memget errors in bindlog
dgaudet-list-bind9-users at arctic.org
Tue Mar 21 23:28:19 UTC 2000
On Tue, 21 Mar 2000, Jim Reid wrote:
> Why should anyone care whether the name server's cache is X Mb or Y
> Mb? And how does any system administrator know what is a reasonable
> limit for the name server's cache in their environment? And why
> restrict the name server to some administrator-imposed limit when the
> system may have plenty of unused memory available? [It's hard to buy a
> latop these days that has less than 128Mb of RAM, so why waste time
> and energy worrying about memory usage?] System administrators
> generally don't limit the size of their web browsers or emacs
> processes so why should it be any different for their name servers?
i limit the size of my web browser and X processes by restarting them when
my system becomes unuseable due to swapping.
> Imposing this policy probably costs more in sysadmin time -
> documentation, change management, etc - than chucking a few more SIMMs
> into a motherboard.
there's only so many SIMMs (or i/o controllers, or L2 cache) you can put
in a box; and the bang-for-the-buck ratio tends to favour commodity
systems which can hold only 2Gb of RAM.
your words above do not match my experience with running networked
services at scale. i'm glad to hear though that bind9 will have a better
approach to this problem.
the almighty metric from which all optimizations should be made is the
latency experienced by a user clicking buttons/mouse. if the human at the
other end can tolerate the latency, then no optimisation is required. if
not, then something is broken.
obviously djb could not tolerate the latency of a bind process swapping
his system holding onto cache entries that would rarely be re-used by the
application he was using.
in <http://www.apache.org/docs/misc/perf-tuning.html> i suggest folks
tuning apache should control its memory consumption by tuning the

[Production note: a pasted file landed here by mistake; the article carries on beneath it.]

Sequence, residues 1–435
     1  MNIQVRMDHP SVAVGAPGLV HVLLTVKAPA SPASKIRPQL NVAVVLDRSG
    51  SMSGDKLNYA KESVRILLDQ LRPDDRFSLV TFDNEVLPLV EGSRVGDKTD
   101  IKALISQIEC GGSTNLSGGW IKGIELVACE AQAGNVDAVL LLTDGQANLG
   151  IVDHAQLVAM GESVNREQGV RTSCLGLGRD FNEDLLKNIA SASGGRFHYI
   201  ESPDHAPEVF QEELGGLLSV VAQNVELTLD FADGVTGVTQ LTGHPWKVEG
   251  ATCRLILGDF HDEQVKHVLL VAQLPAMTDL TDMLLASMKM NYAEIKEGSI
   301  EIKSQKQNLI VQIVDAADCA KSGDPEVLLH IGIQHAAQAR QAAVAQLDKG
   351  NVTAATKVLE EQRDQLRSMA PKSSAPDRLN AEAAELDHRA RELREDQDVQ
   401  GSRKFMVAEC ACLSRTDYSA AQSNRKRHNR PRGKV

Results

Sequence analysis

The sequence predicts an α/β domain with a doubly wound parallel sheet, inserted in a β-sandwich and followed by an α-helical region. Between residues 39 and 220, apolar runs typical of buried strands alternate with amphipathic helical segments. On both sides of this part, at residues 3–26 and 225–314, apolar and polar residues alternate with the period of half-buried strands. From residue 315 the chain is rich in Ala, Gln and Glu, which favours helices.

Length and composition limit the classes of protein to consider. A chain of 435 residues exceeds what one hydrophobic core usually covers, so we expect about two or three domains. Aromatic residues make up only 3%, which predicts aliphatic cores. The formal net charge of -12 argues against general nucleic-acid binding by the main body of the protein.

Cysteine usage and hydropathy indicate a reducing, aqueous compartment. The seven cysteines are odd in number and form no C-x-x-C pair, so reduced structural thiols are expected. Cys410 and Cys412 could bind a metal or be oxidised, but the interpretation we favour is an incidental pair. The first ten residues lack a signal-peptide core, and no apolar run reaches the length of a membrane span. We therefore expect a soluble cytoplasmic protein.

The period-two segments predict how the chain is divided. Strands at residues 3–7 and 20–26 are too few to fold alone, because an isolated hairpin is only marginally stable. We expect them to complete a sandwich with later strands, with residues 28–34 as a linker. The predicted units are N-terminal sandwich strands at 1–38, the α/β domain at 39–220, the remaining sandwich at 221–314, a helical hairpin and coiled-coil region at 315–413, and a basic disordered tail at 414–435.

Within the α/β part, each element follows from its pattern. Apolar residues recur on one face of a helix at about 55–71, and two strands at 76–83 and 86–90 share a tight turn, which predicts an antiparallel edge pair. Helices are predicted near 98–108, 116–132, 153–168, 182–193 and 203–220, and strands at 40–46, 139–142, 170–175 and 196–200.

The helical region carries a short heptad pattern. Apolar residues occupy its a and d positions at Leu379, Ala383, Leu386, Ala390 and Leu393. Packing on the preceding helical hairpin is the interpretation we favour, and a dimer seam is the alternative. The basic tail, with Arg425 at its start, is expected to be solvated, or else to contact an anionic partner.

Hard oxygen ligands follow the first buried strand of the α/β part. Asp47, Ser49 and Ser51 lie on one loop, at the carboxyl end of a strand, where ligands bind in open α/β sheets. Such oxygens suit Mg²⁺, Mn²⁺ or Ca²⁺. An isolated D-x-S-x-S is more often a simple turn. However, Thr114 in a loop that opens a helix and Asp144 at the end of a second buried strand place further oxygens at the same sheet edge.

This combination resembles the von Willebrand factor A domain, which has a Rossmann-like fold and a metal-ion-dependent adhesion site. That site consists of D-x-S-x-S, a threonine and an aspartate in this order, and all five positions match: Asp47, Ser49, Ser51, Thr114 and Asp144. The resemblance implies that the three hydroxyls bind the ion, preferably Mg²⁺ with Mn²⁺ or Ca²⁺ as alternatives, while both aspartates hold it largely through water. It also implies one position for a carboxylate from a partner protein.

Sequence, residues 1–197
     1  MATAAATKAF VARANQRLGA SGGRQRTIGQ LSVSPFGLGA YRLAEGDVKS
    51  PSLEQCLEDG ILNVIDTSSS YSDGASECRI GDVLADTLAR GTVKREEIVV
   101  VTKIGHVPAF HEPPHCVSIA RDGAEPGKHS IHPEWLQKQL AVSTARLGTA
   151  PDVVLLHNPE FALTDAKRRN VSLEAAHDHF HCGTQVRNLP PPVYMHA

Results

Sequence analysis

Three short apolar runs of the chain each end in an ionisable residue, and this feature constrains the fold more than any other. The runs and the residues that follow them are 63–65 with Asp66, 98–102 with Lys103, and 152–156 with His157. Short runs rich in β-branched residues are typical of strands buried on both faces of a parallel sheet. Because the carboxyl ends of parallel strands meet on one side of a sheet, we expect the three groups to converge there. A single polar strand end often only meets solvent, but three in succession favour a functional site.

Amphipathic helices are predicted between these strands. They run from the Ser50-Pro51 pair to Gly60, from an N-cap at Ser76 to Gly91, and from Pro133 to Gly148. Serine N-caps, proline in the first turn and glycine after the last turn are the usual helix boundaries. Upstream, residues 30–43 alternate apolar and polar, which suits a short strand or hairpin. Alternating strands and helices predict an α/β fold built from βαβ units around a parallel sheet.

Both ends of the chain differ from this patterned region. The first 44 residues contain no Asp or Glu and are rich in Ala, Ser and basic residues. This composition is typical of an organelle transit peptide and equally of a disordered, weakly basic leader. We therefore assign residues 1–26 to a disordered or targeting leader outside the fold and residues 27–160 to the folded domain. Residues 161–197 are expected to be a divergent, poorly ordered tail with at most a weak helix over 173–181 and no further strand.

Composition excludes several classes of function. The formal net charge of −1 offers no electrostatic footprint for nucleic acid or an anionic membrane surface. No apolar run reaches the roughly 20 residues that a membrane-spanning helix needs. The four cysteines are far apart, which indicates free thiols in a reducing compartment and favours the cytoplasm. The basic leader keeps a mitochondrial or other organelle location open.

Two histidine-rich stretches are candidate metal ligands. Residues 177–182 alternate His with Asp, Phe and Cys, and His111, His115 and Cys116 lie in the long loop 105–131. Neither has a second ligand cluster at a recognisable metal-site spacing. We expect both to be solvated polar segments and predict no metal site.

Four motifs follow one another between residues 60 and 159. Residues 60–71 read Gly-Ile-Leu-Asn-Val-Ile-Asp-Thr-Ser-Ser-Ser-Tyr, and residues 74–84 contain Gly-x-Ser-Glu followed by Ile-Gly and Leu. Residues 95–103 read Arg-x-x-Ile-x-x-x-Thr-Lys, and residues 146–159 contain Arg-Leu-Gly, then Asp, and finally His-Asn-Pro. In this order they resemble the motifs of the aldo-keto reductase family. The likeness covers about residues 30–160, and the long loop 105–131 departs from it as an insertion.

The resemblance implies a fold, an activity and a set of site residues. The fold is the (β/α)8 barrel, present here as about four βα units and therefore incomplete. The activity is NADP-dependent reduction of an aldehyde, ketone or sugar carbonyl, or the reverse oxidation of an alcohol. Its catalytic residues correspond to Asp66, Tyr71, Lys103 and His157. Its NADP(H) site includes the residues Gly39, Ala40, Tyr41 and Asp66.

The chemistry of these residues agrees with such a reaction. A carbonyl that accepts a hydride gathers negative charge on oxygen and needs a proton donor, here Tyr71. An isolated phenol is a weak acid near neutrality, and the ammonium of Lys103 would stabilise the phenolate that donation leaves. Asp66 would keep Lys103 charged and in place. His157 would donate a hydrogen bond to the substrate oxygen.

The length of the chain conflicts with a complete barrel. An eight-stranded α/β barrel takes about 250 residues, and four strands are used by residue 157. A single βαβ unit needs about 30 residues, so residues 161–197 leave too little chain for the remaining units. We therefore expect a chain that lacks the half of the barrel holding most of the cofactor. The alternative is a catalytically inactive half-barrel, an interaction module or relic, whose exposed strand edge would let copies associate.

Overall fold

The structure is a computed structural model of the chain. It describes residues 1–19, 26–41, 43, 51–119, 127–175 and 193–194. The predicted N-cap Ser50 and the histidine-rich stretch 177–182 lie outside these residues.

MaxClients setting. yeah, this requires the admin to do some work -- they
can either do it up front during testing/deployment or even during regular
or they can do it when their site is slashdotted and suddenly a box that
could serve 500 clients just fine with a response latency of 500ms jumps
to a response latency of 10s when the 501st client comes in and causes
swap hell. with a MaxClients of 500 the server would degrade gracefully
as the extra clients sit in (comparatively) less expensive kernel queues
and await their turn.
this stuff does happen. MaxClient settings have fixed many many apache
installations suffering from load.
hrm, i suppose apache could monitor the average request latency and make
self-modifications to the MaxClients setting. oh neat. ok now i'm glad i
responded to your rant, at least we've got something new to think about :)
has anyone played with such self-limiting systems? i suppose in some
sense i've only modified the problem from knowing the amount of RAM the
webserver should use to knowing the correct response latency. however i
bet a standard response latency setting would work "out of the box" for
far more systems than a default MaxClients setting does.
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